Tuesday 21 February 2017

Heather Watson blasts Twitter trolls who made death threats against her as 'cowards'

Nick Purewal

Published 01/07/2015 | 19:34

Heather Watson celebrates victory over Daniela Hantuchova during day Three of the Wimbledon Championships at the All England Lawn Tennis and Croquet Club
Heather Watson celebrates victory over Daniela Hantuchova during day Three of the Wimbledon Championships at the All England Lawn Tennis and Croquet Club

Heather Watson has branded online trolls "cowards" for levelling death threats against her on Twitter, ahead of a likely Wimbledon meeting with Serena Williams.

  • Go To

Watson blasted social media trolls, saying "they've got no life", after seeing off Daniela Hantuchova 6-4 6-2 to reach Wimbledon's third round for the second time.

Watson is determined the internet naysayers will not derail her SW19 challenge, expecting to face 20-time grand slam champion Serena Williams, who was due to face Timea Babos on Wednesday night.

"I don't really check for them anymore really, it's become such a usual occurrence that it doesn't really mean much to me," said Watson of online threat-makers, after reaching Wimbledon's third round for the first time since 2012.

"Those people, they've got no life. They're just cowards thinking they can say whatever.

"I still use it (Twitter), I keep posting. I really enjoy posting, it's usually always positive when I win; it's just when I don't win.

"My favourite's posting pictures. I think some people get sick of me posting pictures.

"But I like it so I'm going to keep doing it."

The 23-year-old is adamant she will not stop enjoying social media and will simply ignore the negative messages and threats.

The Guernsey native spoke recently on how in her early days such messages would "really hurt my feelings", but now she is far more bullish about shaking off criticism.

Watson has never faced world number one and top Wimbledon seed Williams, and conceded she would jump at the chance.

Williams has long since balanced a full-tilt celebrity lifestyle with long-term domination of the women's game, and was flanked in her entourage at Wimbledon earlier this week by US rapper Drake.

After popping up on stage alongside Taylor Swift at Hyde Park last week, Williams has switched attention to the day job - and Watson believes the 33-year-old has more than earned that right.

"She's worked hard for it. She's done so well in her tennis life she's allowed to enjoy her life off the court a bit," said Watson of Williams.

"She is big celebrity status. So yeah, she's living it up.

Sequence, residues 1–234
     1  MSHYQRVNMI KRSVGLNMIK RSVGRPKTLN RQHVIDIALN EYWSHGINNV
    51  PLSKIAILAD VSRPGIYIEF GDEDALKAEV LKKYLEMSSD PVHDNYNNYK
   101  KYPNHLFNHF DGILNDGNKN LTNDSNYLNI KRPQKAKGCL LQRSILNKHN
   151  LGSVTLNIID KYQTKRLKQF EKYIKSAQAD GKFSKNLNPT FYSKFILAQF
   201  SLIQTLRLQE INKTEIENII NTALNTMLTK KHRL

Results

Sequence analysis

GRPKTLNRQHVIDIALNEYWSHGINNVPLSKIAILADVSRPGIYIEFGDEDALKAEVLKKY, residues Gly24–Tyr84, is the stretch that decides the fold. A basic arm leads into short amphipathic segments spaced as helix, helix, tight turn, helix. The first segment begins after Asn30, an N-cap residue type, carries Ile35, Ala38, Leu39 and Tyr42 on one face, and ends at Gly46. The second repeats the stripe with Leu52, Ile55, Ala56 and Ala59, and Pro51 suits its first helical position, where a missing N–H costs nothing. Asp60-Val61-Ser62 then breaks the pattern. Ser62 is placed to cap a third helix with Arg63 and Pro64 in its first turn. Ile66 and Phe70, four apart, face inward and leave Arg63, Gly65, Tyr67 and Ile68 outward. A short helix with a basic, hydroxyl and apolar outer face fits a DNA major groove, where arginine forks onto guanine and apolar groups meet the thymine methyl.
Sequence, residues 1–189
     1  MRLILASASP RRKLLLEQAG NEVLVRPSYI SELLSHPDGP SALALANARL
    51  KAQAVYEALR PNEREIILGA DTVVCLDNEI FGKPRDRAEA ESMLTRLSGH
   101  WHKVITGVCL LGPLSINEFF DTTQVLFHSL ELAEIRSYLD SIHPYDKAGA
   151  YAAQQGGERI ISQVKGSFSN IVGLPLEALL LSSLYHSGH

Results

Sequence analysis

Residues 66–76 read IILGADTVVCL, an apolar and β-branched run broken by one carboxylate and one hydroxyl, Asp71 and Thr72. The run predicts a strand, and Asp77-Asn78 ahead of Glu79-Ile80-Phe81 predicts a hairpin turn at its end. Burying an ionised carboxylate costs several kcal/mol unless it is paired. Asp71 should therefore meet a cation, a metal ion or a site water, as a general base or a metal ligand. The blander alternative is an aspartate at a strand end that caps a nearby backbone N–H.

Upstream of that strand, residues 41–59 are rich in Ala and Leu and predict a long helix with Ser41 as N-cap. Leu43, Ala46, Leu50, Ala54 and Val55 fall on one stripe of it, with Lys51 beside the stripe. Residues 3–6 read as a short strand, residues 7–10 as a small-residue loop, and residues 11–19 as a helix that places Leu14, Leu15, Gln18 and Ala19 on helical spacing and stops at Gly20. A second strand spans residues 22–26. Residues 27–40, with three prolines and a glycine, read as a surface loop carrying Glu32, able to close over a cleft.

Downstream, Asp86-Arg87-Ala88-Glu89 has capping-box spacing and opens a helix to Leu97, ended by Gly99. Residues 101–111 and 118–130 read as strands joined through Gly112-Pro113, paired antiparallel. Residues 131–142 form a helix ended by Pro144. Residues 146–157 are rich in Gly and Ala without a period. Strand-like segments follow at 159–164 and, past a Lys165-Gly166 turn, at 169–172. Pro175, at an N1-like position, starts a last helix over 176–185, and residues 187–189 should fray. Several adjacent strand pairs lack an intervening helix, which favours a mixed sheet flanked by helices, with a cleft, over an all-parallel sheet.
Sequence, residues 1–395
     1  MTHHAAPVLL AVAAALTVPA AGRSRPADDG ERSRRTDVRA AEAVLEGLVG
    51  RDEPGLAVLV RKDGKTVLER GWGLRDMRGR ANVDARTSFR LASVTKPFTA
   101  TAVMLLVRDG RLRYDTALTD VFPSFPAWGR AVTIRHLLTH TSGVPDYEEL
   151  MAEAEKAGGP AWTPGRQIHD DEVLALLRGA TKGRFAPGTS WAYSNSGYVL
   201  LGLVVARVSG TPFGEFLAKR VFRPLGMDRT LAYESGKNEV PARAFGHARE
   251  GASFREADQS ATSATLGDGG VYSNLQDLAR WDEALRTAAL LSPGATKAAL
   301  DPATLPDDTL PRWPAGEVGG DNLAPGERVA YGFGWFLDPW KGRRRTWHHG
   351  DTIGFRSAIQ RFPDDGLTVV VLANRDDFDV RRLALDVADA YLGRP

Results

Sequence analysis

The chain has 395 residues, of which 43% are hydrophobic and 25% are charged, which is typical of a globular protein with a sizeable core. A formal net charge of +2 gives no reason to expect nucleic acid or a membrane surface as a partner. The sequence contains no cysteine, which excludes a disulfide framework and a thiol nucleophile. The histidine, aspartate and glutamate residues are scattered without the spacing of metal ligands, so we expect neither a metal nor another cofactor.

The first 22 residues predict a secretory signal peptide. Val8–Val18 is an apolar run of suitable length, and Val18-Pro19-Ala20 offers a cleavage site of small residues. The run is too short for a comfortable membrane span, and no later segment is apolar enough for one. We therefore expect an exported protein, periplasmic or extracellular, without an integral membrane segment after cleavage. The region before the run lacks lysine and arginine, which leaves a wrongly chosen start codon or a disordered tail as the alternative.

"Serena's a great player, she's an amazing athlete and a great champion.

"She's always the one to watch, she's always the favourite for every tournament she plays.

"So I think she's the one to beat in tournaments like this. She's probably the toughest opponent.

"I've never played Serena before, so I'd love to play her.

"But she's obviously a very, very tough opponent.

"But I feel in matches like that, you've got a lot to gain, so it's a real positive as well to play her."

Watson has banked £77,000 whatever happens next at Wimbledon, admitting as a new home owner that the money will come in handy.

"I've just recently got my own place which has been a big goal of mine for a long, long time," said Watson.

"I'm going to have to start paying bills now, so this will help I guess."

The last time Watson reached the third round she admitted she effectively froze in her 6-2 6-0 defeat to Agnieszka Radwanska, back in 2012.

Three years on, Watson is determined not to let rankings or status affect her game if, as expected, she faces modern great Williams.

"At the end of the day everybody's human," said Watson.

"Everybody's going to make mistakes, everybody's going to have good and bad days.

"I remember playing that match against Radwanska and I wasn't sure how to deal with it.

"I remember overplaying totally and thinking she was going to be this amazing player that I'm going to have no chance against.

"I tried to hit winners on the first ball and that was no good.

"This time isn't my first, second or third Wimbledon. I've been here a few times now; I've gotten a feel for playing the top players.

"Those experiences really help."

Online Editors

Read More

Promoted articles

Editor's Choice

Also in Sport